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28 December 2016

Gallium nitride thin-film transistors produced in 200°C process

Bilkent University in Turkey has developed a low-temperature process to create gallium nitride (GaN) back-gated thin-film transistors (TFTs) on flexible and rigid substrates [S. Bolat et al, Appl. Phys. Lett., vol109, p233504, 2016]. The team reports that the "overall fabrication thermal budget is below 200°C, the lowest reported for the GaN-based transistors so far."

The Bilkent team points to potential applications of flexible devices for health monitoring, wearable electronics, and displays. Alternatives to the rigid TFT circuits used in most displays suffer from the need for high-temperature deposition/annealing steps. Organic and metal oxide devices are impacted by reliability issues. Although reliability in metal oxides such as zinc oxide can be improved with encapsulation, this adds to production complexity and cost.

Normally, GaN is deposited at high temperature around 1000°C, but other techniques such as atomic layer deposition have been developed with much improved thermal budget. "Up to now, the nitride-based electronic and optoelectronic devices have been realized on flexible substrates only via the transferring method, which carries the potential risk of decreasing the yield of the devices, which therefore prevents the commercialization of the proposed devices," the team writes.

The Bilkent researchers say that they have beaten their own record for lowest-temperature GaN electronic devices. The present results are not exactly high performance, but the team hopes that III-nitride-based flexible electronics could follow from further materials and process optimization.

The researchers produced GaN TFTs (Figure 1) on rigid p-type silicon and flexible polyethylene naphthalate (PEN). Hollow-cathode plasma-assisted atomic layer deposition (ALD) at 200°C was used to create 77nm aluminium oxide (Al2O3) and 11nm GaN layers on a silicon dioxide layer in which patterned windows were cut to define the devices. The 200nm silicon dioxide was created by electron-beam evaporation.

Figure 1: (a) Schematic of device fabrication steps on flexible substrate, and (b) photograph of flexible substrate with series of bottom-gated TFTs with GaN channels flexed in author's hand.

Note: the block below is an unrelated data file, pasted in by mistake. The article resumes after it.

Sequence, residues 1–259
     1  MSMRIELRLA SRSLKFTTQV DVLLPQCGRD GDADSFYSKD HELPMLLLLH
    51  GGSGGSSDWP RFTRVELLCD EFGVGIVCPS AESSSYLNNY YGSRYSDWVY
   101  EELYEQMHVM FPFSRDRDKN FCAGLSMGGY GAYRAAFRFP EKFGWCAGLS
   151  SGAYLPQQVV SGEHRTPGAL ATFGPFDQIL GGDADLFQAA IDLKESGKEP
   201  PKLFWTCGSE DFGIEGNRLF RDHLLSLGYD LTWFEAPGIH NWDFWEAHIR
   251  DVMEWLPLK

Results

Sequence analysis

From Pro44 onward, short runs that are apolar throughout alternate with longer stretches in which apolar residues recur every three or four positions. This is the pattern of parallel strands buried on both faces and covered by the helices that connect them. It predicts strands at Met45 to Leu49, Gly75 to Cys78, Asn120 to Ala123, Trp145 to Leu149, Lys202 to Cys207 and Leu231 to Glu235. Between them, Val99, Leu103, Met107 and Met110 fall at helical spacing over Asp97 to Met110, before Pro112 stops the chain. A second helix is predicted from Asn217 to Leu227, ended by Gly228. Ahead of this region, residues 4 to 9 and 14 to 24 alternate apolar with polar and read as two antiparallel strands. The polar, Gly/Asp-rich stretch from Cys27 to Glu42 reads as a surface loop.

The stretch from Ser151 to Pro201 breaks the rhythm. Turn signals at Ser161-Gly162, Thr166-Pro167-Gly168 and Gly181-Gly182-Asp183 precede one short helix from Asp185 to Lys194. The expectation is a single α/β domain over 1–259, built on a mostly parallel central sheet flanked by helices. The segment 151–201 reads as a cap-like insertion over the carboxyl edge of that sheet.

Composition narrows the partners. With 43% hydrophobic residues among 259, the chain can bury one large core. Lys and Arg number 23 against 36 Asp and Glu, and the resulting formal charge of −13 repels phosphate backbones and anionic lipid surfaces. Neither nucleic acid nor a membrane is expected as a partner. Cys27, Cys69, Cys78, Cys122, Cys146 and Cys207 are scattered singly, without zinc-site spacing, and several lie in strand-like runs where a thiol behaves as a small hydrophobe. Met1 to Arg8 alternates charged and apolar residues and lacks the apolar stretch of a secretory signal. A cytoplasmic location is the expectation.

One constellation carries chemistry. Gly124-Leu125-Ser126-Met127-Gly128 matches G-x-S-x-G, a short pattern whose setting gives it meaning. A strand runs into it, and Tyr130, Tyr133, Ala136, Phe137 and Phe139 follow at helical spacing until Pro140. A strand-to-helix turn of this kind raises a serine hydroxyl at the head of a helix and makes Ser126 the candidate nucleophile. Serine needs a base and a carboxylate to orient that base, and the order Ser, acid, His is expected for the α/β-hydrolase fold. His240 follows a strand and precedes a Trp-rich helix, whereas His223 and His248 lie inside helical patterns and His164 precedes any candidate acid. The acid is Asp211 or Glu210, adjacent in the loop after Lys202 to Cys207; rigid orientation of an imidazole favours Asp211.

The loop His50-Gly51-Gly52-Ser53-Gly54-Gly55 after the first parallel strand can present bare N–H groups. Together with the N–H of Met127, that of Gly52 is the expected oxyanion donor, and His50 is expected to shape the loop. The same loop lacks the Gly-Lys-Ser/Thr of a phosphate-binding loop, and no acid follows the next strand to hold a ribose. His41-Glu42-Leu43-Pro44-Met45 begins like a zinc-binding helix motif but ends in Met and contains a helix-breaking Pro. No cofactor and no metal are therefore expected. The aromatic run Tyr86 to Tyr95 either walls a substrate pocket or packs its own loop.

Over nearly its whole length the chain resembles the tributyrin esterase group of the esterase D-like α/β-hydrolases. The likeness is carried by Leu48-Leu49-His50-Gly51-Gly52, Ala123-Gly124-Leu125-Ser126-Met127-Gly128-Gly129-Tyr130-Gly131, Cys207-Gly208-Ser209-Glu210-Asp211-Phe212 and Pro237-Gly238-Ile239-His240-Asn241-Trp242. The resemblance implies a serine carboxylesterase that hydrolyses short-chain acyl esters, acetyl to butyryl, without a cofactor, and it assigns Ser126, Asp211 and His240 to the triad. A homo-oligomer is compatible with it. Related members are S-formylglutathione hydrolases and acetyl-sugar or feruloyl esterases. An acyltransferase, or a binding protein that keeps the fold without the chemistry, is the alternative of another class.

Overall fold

The silicon dioxide was applied directly to cleaned rigid silicon substrates. For PEN substrates, a 100nm aluminium layer formed a back-gate structure on which the silicon dioxide was applied. In the rigid-substrate devices, the back gate was formed by p-silicon.

The devices consisted of square gates with 50μm length and width. Device isolation was by dry etch. The source/drain contact metals were titanium/gold.

The devices on rigid substrates achieved on/off current ratios of 2x103 with "clear saturation in their output characteristics". The threshold voltage was +0.25V. The effective mobility was 0.005cm2/V-s with 10V gate potential and 1V drain bias. The low mobility is blamed on "the nanocrystalline and defective nature of the ALD-based GaN thin films".

On flexible substrate, the TFT managed a reduced on/off ratio of 7x102, while giving a higher threshold voltage of +2.5V (Figure 2). The researchers comment: "The difference in the threshold voltage can be attributed to the higher oxygen concentration in the as-deposited GaN thin films on flexible substrates (10% oxygen) compared to rigid substrates (2–3% oxygen), which is confirmed with the x-ray photo-spectroscopy measurements."

Figure 2: (a) Transfer and (b) output characteristics of GaN TFTs on flexible substrates.

The higher oxygen content results in the formation of Ga2O3 in the GaN thin film; "therefore the devices on the flexible substrate demonstrate a higher threshold voltage and lower on-to-off current ratio," the researchers write.

The effective mobility on flexible substrate was 0.0012cm2/V-s with 8V gate potential and 1V drain bias.

Gate-bias stability of the flexible TFTs under 10V stress with source and drain grounded for varying periods was tested. The 10V gate bias represented an electric field of 1.3MV/cm in the gate oxide. The threshold voltage shift after 1000 seconds was 0.14V (~5%). This compares with ZnO-based TFTs that have a shift of 11V under the same conditions.

The researchers comment: "This result is significantly important in the sense that no encapsulation or annealing, which are commonly applied methods to electrically stabilize the TFTs with semiconducting metal oxide channels, are needed to stabilize the devices."

Tags: GaN TFTs GaN

Visit:  http://dx.doi.org/10.1063/1.4971837

The author Mike Cooke is a freelance technology journalist who has worked in the semiconductor and advanced technology sectors since 1997.

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